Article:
Ukraine: The studio "Quarter 95" in its humorous form reacted to rumors about the participation of the showman Vladimir Zelensky in the presidential election.
The studio “Quarter 95” in its humorous form reacted to rumors about the participation of the showman Volodymyr Zelenskiy in the presidential election.

KVN is a famous intellectual and humor show, which was invented in USSR and outlived it in most of the post-soviet states. It looks like kind of night show, where teams from different cities battle in humor scenes, created and written by themselves. After being invited to the team in his hometown, Zelenskiy quickly became not just an actor, but also the writer of screenplays and jokes.

Later, Zelenskiy has also created a production studio which has created a wide range of TV-shows and comedy films, distributed not only in Ukraine but also in other countries of ex-USSR. In 2012, his main product – night show “Vecherniy Kvartal” has returned to its original TV-Channel, “1+1” without changing the concept – it remained as the most important humor show with a solid part of political and social topics on Ukrainian national TV.

A YouTube Candidate

In 2016, Ukrainian YouTube users found a new series, which very soon became mega popular and started to attract millions of viewers. The show’s name is “The servant of the People” and it tells a story of a simple history teacher who suddenly and surprisingly becomes the President of Ukraine. He rules the country in a completely new way, fighting corruption, oligarchs and false reforms for the good of common people. Rings a socialist bell much?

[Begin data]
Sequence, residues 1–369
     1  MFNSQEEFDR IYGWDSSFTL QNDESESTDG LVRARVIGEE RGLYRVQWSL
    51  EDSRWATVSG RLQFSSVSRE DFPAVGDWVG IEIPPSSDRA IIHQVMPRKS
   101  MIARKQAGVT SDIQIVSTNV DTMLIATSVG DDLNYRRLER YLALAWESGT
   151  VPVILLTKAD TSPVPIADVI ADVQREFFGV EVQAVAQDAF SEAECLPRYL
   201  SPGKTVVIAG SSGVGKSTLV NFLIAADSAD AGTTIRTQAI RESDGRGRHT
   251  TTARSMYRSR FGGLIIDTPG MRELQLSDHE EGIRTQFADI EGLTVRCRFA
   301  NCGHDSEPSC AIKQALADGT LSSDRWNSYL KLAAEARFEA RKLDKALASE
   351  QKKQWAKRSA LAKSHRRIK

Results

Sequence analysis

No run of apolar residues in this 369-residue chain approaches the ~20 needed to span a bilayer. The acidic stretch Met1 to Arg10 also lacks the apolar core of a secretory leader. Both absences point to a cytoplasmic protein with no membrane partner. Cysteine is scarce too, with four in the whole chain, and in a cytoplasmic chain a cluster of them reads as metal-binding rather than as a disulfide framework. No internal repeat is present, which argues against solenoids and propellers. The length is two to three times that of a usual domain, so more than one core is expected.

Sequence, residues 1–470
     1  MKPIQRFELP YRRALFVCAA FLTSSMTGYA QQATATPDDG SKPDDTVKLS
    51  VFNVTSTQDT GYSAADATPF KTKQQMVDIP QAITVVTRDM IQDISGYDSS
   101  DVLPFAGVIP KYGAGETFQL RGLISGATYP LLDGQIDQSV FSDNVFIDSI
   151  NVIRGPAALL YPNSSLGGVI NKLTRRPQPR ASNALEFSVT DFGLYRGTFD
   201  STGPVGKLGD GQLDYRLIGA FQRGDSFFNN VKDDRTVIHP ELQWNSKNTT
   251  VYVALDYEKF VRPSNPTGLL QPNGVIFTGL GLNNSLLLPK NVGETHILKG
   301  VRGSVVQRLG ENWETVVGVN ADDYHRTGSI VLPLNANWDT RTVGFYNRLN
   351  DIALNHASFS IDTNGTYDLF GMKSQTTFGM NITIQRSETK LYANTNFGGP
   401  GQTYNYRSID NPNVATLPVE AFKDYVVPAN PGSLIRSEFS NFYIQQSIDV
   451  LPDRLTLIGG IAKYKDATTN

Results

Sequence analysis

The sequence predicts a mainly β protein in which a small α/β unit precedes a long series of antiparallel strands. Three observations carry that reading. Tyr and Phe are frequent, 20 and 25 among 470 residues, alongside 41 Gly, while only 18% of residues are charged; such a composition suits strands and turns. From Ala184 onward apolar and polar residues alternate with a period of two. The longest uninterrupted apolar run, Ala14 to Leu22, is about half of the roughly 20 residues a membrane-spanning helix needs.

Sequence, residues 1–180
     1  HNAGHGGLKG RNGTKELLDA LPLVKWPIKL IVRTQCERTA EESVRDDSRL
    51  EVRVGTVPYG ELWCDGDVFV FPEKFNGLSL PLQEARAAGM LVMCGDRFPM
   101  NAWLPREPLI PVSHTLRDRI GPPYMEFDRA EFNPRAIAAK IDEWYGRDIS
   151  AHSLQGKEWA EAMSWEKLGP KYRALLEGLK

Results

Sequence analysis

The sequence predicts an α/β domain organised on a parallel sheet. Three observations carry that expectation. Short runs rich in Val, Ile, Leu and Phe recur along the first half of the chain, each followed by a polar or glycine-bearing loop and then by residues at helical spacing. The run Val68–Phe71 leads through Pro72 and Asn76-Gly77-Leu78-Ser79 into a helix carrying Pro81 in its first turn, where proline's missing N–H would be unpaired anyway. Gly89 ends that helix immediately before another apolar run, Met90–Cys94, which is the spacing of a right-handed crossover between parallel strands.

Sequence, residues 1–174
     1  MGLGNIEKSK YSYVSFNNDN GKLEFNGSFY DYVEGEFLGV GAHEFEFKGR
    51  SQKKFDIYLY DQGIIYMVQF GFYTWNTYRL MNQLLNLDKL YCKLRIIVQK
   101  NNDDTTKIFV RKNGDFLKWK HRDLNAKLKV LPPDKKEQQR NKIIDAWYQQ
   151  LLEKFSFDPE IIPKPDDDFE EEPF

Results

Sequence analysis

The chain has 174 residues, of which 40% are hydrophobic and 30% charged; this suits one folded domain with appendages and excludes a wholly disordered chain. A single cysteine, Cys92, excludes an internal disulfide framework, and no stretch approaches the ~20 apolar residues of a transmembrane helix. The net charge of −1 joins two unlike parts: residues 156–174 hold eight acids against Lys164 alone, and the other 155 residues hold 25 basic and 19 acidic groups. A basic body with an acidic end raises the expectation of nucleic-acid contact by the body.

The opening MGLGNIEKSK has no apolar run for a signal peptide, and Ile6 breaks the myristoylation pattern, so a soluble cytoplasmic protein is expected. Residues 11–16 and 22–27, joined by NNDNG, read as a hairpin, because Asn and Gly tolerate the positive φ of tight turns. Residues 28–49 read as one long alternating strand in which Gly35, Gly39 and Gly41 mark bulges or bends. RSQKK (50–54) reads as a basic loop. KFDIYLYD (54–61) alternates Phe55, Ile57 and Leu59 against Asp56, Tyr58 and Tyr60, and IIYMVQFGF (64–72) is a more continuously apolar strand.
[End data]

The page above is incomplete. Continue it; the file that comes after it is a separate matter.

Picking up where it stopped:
This show was, obviously, written and filmed by the “Kvartal” studio, the one owned by Vladimir Zelenskiy. The most popular actors of “Vecherniy Kvartal” played certain roles in it as well, and Zelenskiy himself performed the main role of Vasiliy Goloborodko, the president. This was the start of Zelenskiy’s plot to overthrow Petro Poroshenko and subjugate the government.

Back in the world of real politics, both Trump and Zelenskiy received support from major Jewish economic players with close ties to Israel (Igor Kolomoysky in Ukraine and Sheldon Adelson in the United States), with Trump subsequently repaying the debt of gratitude by transferring the US embassy to Jerusalem, designating it as the capital of Israel, and recognizing the annexation of the Golan Heights.

For New Year’s Eve, at the time of traditional annual speech of the President, one of major Ukrainian TV channels suddenly canceled the broadcast of the speech and instead aired a video in which Zelenskiy wished people happy holidays. The TV channel in question was the “1+1” channel, the same one that had already aired 2 seasons of “The servant of the People” and had intended on broadcasting the third one.

The Social Media Influence